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Rapture Paperback – March 6, 2015
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In these tales, a man suffering from a brain trauma distances himself from his sister and navigates his isolation in a world
that seems to have left him behind; a retiree turns to sculpture for self-expression, much to the chagrin of his housing
community and at the expense of a friendship; and a middle-aged man accompanies his parents on a cruise, trying to cut
the cord, with the probable breakup of his marriage hovering in the background. Many of these tales refreshingly put
middle-aged characters front and center, whether it's an heiress conned by her Irish cousin, or a wife discovering that her
husband has a second family and that her own life is a sham. There are nods to other works of literature in each of these
stories, including a Mark Twain enthusiast, a Harriet Beecher Stowe tour, along with burgeoning authors, English
professors, and Shakespearean quotes. These touches could have seemed too self-aware, but instead they're kind
reminders that literature shows us how to live. Profound wisdom bookends these stories, although some are dragged
down by too many needless details and back story that take away from the depth of emotion. One of Sherlock's
strengths, however, is believable, rich dialogue. This is an author who knows her characters well, whether they're minor
or major, and who has shaped their individual voices. Nowhere is this command of character more pronounced than in
the title story, which may also be the one with the most depth. It explores a relationship between a mother and her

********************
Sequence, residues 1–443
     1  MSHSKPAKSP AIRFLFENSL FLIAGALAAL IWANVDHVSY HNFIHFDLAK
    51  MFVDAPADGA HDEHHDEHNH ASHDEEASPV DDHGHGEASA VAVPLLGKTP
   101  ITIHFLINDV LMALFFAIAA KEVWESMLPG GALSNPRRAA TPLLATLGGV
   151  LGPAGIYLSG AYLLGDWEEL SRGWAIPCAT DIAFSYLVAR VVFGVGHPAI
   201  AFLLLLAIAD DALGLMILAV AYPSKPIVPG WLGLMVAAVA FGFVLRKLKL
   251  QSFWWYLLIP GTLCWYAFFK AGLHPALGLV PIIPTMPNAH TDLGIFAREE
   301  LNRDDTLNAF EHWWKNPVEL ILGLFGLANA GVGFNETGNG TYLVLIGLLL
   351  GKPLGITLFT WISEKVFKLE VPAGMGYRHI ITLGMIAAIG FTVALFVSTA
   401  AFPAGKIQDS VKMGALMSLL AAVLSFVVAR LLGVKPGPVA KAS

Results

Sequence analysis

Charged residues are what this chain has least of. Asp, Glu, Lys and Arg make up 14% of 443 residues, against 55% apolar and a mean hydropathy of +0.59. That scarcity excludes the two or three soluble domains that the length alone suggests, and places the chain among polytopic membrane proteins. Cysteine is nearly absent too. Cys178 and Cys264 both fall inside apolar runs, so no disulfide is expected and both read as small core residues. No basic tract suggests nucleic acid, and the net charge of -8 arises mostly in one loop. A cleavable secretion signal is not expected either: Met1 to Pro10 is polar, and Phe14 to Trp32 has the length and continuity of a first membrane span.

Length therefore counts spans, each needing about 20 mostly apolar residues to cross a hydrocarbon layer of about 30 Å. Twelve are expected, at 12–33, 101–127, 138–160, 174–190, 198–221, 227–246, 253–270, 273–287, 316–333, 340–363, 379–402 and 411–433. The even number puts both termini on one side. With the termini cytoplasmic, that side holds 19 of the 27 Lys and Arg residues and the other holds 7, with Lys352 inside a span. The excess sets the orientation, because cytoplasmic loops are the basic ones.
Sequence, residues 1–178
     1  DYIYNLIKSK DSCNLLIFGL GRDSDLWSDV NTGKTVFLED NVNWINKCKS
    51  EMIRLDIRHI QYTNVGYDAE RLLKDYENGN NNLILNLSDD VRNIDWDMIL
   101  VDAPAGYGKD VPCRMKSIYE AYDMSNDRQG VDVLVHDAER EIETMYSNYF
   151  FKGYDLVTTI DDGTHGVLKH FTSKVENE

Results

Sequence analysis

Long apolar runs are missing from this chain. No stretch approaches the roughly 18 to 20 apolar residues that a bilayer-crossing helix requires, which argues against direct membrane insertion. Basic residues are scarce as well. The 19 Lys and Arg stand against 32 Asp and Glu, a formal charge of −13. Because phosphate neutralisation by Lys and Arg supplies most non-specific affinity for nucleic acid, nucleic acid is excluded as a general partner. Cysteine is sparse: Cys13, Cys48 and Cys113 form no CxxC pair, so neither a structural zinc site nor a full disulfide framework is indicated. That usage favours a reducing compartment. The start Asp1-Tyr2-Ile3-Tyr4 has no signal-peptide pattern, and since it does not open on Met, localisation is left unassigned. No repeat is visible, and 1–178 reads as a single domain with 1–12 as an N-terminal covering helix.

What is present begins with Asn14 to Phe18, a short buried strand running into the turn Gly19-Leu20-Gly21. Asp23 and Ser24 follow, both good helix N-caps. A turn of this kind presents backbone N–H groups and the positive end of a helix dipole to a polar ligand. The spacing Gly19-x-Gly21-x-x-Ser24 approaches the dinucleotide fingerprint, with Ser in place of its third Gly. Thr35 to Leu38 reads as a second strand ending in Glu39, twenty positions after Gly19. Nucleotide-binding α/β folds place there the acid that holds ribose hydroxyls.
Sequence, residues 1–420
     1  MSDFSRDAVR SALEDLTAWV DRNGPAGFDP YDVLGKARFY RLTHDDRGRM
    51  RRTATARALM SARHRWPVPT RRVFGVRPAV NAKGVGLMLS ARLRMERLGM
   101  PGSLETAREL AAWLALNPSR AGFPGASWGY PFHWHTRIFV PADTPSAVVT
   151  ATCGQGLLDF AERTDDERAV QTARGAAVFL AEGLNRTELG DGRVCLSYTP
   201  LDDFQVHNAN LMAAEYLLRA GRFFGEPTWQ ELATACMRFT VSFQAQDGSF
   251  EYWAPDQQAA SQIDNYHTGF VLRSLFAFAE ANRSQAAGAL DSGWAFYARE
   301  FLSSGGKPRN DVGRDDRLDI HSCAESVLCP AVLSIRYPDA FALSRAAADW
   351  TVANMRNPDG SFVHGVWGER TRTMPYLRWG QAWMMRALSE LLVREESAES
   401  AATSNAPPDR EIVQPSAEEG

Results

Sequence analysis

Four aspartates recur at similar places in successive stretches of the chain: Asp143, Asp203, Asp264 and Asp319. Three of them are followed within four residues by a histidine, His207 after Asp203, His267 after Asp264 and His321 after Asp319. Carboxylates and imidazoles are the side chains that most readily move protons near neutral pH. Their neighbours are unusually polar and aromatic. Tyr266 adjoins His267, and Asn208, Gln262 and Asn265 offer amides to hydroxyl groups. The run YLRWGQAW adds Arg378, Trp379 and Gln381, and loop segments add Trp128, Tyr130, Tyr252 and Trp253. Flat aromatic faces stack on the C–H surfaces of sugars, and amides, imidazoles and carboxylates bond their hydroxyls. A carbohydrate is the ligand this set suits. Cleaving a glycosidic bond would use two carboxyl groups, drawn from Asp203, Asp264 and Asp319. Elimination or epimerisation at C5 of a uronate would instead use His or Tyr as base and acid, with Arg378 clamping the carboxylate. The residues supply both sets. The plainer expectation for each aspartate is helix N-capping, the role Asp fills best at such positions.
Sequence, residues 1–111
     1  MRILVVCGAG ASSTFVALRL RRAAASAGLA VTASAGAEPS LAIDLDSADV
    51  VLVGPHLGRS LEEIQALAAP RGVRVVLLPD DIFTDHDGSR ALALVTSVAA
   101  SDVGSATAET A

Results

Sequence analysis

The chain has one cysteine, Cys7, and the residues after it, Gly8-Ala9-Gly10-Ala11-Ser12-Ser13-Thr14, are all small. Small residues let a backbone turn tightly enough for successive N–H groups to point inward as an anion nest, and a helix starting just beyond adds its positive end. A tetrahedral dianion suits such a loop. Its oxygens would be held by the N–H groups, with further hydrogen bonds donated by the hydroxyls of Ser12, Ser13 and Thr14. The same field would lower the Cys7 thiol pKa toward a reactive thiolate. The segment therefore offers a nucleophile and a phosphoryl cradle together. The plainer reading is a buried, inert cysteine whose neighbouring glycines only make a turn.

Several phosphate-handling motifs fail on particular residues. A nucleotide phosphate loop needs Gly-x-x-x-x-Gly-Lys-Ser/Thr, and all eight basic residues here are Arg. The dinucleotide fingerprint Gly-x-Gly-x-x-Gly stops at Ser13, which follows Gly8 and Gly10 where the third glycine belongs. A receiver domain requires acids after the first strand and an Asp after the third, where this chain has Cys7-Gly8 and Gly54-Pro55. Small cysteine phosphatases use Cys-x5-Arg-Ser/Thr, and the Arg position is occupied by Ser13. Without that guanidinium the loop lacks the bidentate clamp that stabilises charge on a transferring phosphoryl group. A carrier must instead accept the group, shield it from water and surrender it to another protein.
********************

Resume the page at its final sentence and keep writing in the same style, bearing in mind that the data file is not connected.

daughter who has Alzheimer's--a role reversal that's beautiful and saddening. Their mental estrangement between is
only reconciled with music, even if those moments of calm are fleeting.
An often beautiful and insightful set of stories about people both lonely and in love.
Top Man is followed by Fowler’s Folly whose underlying theme centers on the ups and downs of friendship, both between husband and wife, and friend and friend. This second story sets the tone for many of the stories that proceed it, which allow the author to brilliantly and carefully, like a surgeon wielding a sharp knife, expose so many of the fine cracks that exist in our lives.
At Sea chronicles the break up of a marriage as a husband on a cruise with his parents is finally willing to admit that his marriage is a failure, “though their years together were irrecoverable, an uncharted future terrified him. How he had fooled himself about who needed who?”
Daisy Gets Her Garden about a young woman who is determined to find herself, told in a tentative voice, is an exquisitely rendered story that cleanses the palette. Even though it is full of surprises, the author’s ending image of a wind-filled garden, leaves us of full of hope and tenderness for its young heroine.
Nick of The True City definitely belongs to “those who tear down because they have nothing to give.” A would be writer he finds himself in New York working as a waiter and imagining he’s better than everyone else. Of course he’s nothing of the kind, and his relentless anger at himself comes out in all kinds of inexplicably hostile ways. It’s a unique character study of an aimless young man whom I found I disliked, but about whom I couldn’t stop reading.
Good Girl is a story about an unfaithful husband and a wife who stands up to him, while acknowledging that she still needs the physical closeness that kept their marriage together. This story provides an interesting insight into how sexual attraction doesn’t just die when there’s a betrayal. “You can’t outsmart hurt, you simply can’t. It struck her now that nothing lasts…..” In this story and several others, such as Sin, the author sympathetically examines how intense sexual relationships can bring both greater intimacy but also greater loneliness and betrayal.
Well beyond hope is a sobering parable about honesty with a lot of twists and turns, but in the end we are happy the protagonist gets what is coming to him.
The tour de force of the whole book however, has been saved for last in the title story, Rapture. It’s a heartbreaking examination of a mother’s enduring love for her daughter, and her final acceptance of the fact that only by forgiving herself and with the support of others, can she make a difference to a young life that has been crushed by an incurable disease.
This disturbing but ultimately brilliant and satisfying book leaves us with a better understanding of, and belief in the endurance of the human spirit.